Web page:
Limited Capacity for Ipsilateral Secondary Motor Areas to Support Hand Function Post-Stroke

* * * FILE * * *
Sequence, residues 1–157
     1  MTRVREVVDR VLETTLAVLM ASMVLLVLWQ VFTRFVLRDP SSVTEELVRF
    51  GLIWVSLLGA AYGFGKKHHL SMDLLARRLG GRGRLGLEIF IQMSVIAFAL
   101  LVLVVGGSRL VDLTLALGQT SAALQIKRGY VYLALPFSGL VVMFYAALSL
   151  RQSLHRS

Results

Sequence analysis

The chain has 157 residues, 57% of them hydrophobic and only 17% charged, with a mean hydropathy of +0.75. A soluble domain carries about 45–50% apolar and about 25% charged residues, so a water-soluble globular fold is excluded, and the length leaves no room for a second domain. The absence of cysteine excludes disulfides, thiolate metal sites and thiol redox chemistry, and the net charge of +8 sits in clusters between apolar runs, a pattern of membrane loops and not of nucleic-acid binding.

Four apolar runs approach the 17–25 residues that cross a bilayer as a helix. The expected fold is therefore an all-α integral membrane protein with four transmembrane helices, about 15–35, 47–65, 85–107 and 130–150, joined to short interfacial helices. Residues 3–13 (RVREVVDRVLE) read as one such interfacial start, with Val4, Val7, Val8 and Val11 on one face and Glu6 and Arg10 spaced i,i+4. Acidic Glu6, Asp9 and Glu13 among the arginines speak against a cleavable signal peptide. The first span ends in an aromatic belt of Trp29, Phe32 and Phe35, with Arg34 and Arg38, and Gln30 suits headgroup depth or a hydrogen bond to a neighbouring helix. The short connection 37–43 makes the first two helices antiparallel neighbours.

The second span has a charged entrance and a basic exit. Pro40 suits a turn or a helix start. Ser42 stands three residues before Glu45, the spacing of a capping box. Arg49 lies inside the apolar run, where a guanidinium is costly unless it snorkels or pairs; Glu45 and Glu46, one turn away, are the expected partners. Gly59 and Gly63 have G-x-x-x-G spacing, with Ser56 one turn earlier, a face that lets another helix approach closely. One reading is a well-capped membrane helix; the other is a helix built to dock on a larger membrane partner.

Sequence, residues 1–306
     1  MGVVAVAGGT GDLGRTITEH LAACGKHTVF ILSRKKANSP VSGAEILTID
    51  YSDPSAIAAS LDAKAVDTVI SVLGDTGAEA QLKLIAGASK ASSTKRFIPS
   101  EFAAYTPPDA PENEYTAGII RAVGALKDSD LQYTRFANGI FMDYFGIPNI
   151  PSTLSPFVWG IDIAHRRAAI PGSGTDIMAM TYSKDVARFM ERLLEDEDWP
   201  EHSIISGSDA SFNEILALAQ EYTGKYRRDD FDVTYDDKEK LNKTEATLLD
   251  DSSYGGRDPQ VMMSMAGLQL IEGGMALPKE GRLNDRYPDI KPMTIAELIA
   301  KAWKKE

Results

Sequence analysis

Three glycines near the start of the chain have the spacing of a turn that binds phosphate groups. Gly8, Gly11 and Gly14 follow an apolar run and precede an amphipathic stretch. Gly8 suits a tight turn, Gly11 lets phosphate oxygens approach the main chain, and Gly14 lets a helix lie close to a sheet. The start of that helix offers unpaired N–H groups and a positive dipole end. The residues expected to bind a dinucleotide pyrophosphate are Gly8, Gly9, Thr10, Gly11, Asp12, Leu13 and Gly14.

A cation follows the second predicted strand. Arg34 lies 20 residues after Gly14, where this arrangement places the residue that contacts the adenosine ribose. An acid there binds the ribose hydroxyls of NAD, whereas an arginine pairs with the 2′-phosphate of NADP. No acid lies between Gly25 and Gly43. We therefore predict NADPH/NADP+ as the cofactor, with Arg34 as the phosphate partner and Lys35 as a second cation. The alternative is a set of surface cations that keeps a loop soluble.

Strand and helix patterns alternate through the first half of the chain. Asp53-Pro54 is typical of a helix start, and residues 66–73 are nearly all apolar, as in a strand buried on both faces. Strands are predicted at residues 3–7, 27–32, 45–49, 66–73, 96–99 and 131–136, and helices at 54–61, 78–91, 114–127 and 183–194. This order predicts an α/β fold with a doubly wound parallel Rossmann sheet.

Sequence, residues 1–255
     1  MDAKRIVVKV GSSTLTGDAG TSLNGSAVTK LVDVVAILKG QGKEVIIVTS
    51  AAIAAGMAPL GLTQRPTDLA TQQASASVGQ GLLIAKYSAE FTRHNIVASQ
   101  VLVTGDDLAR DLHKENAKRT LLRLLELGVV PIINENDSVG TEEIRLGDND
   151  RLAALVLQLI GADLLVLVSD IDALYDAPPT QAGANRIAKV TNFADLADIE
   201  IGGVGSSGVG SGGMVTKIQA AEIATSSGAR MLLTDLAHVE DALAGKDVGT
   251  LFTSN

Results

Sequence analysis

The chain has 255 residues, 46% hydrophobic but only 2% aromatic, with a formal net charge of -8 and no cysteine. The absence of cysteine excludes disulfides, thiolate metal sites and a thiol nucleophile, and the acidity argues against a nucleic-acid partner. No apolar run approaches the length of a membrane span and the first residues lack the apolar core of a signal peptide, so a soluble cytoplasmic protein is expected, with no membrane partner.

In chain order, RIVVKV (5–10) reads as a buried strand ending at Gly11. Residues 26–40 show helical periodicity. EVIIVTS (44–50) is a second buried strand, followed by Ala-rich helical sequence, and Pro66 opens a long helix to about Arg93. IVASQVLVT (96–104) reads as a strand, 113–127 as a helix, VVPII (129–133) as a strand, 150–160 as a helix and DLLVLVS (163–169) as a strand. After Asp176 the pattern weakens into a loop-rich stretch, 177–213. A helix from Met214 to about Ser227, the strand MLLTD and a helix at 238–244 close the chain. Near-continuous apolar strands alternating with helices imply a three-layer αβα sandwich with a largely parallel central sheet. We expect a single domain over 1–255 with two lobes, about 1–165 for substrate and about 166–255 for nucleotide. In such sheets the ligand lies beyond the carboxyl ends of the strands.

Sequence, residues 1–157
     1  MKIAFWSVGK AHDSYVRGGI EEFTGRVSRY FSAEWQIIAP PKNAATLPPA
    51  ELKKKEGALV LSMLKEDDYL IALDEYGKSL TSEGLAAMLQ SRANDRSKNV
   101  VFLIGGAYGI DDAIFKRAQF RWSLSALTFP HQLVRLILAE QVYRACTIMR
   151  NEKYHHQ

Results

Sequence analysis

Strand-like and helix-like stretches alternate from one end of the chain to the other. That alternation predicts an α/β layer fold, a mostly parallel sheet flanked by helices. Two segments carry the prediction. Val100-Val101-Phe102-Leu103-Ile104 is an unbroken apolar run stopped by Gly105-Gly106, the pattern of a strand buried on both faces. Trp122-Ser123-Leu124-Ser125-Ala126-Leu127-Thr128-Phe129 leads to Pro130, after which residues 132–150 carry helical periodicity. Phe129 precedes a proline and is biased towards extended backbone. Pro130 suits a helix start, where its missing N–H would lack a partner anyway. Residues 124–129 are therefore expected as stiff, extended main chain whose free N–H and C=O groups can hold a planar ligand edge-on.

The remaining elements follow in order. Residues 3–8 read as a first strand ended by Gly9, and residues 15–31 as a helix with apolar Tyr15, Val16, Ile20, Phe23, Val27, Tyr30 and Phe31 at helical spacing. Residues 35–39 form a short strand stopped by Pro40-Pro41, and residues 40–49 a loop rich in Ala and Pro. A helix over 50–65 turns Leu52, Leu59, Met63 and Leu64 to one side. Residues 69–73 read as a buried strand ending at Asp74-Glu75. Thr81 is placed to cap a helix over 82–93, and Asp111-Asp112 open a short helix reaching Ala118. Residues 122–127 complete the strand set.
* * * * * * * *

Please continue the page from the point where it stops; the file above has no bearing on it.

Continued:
Recent findings have shown connections of ipsilateral cortico-reticulospinal tract (CRST), predominantly originating from secondary motor areas, to not only proximal but also distal portions of the arm. In unilateral stroke, CRST from the ipsilateral side is intact and thus has been proposed as a possible backup system for post-stroke rehabilitation even for the hand. We argue that although CRST from ipsilateral secondary motor areas can provide control for proximal joints, it is insufficient to control either hand or coordinated shoulder and hand movements due to its extensive branching compared to contralateral corticospinal tract. To address this issue, we combined MRI, high-density EEG, and robotics in 17 individuals with severe chronic hemiparetic stroke and 12 age-matched controls. We tested for changes in structural morphometry of the sensorimotor cortex and found that individuals with stroke demonstrated higher gray matter density in secondary motor areas ipsilateral to the paretic arm compared to controls. We then measured cortical activity while participants attempted to generate hand opening either supported on a table or while lifting against a shoulder abduction load. The addition of shoulder abduction during hand opening increased reliance on ipsilateral secondary motor areas in stroke, but not controls. Crucially, increased use of ipsilateral secondary motor areas was associated with decreased hand opening ability while lifting the arm due to involuntary coupling between the shoulder and wrist/finger flexors. Together, this evidence implicates a compensatory role for ipsilateral (i.e., contralesional) secondary motor areas post-stroke, but with limited capacity to support hand function.
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